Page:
• Evaluate and upgrade all production-related equipment for efficiency. Remember; however, that if capital expenditures are financed with debt, each dollar of debt repaid represents a dollar of equity in the seller’s pocket at closing. Institutional debt at the time of a sale should be avoided unless the seller can clearly justify the projected cash flows to directly result from the capital improvement. Even then, the seller may have to wait to receive the consideration relating to these improvements until the Company “proves-up” the increased cash flows.
  • Evaluate and upgrade all office equipment and computer software for efficiency and increased profitability even it the profits will not be recognized in the short run.
  • Justify and document employee costs within a specific industry.
  • Improve the overall appearance of the business’ physical plant.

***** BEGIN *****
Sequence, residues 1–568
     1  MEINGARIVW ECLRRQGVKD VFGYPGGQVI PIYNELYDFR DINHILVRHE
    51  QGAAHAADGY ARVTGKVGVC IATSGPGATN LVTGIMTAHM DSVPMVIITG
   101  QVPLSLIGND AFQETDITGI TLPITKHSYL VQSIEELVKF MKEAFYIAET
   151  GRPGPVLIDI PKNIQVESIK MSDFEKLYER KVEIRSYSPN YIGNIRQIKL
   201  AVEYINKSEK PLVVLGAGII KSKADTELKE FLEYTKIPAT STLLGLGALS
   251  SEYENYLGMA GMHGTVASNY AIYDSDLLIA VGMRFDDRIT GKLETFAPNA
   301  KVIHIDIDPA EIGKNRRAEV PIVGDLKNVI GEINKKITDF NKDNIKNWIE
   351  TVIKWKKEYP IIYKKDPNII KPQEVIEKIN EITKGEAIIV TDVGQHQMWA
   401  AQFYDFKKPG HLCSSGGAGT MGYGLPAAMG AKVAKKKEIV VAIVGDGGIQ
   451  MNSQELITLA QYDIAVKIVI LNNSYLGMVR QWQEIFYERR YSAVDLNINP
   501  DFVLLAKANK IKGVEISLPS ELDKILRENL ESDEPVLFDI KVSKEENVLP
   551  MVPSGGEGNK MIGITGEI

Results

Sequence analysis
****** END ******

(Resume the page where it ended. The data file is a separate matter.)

• Evaluate, justify, and document all ongoing service agreements and supply contracts.
  • Evaluate and adjust all owner-specific “Perks” and benefits. Unless the perks and benefits can be justified to improve business sales and margins, they should be completely dropped to promote simplicity in the buyer’s evaluation process.

3. Make the traditional definition of cash flow easy to calculate and prove. Among sophisticated buyers the traditional definition of adjusted cash flow is Earnings before Interest, Taxes, Depreciation and Amortization (“EBITDA”) plus excess owner’s compensation. AICA members can assist with the calculation and financial presentation of EBITDA plus discretionary add-backs.

While many companies regularly expense small equipment purchases and capital improvements, such policies prior to a sale depress earnings and are difficult to recast from “normalized earnings.” Sellers who want maximum value must maximize their earnings. Yes, the tax effect will be greater, but cash flow calculations for business value begin with “Earnings Before Taxes.”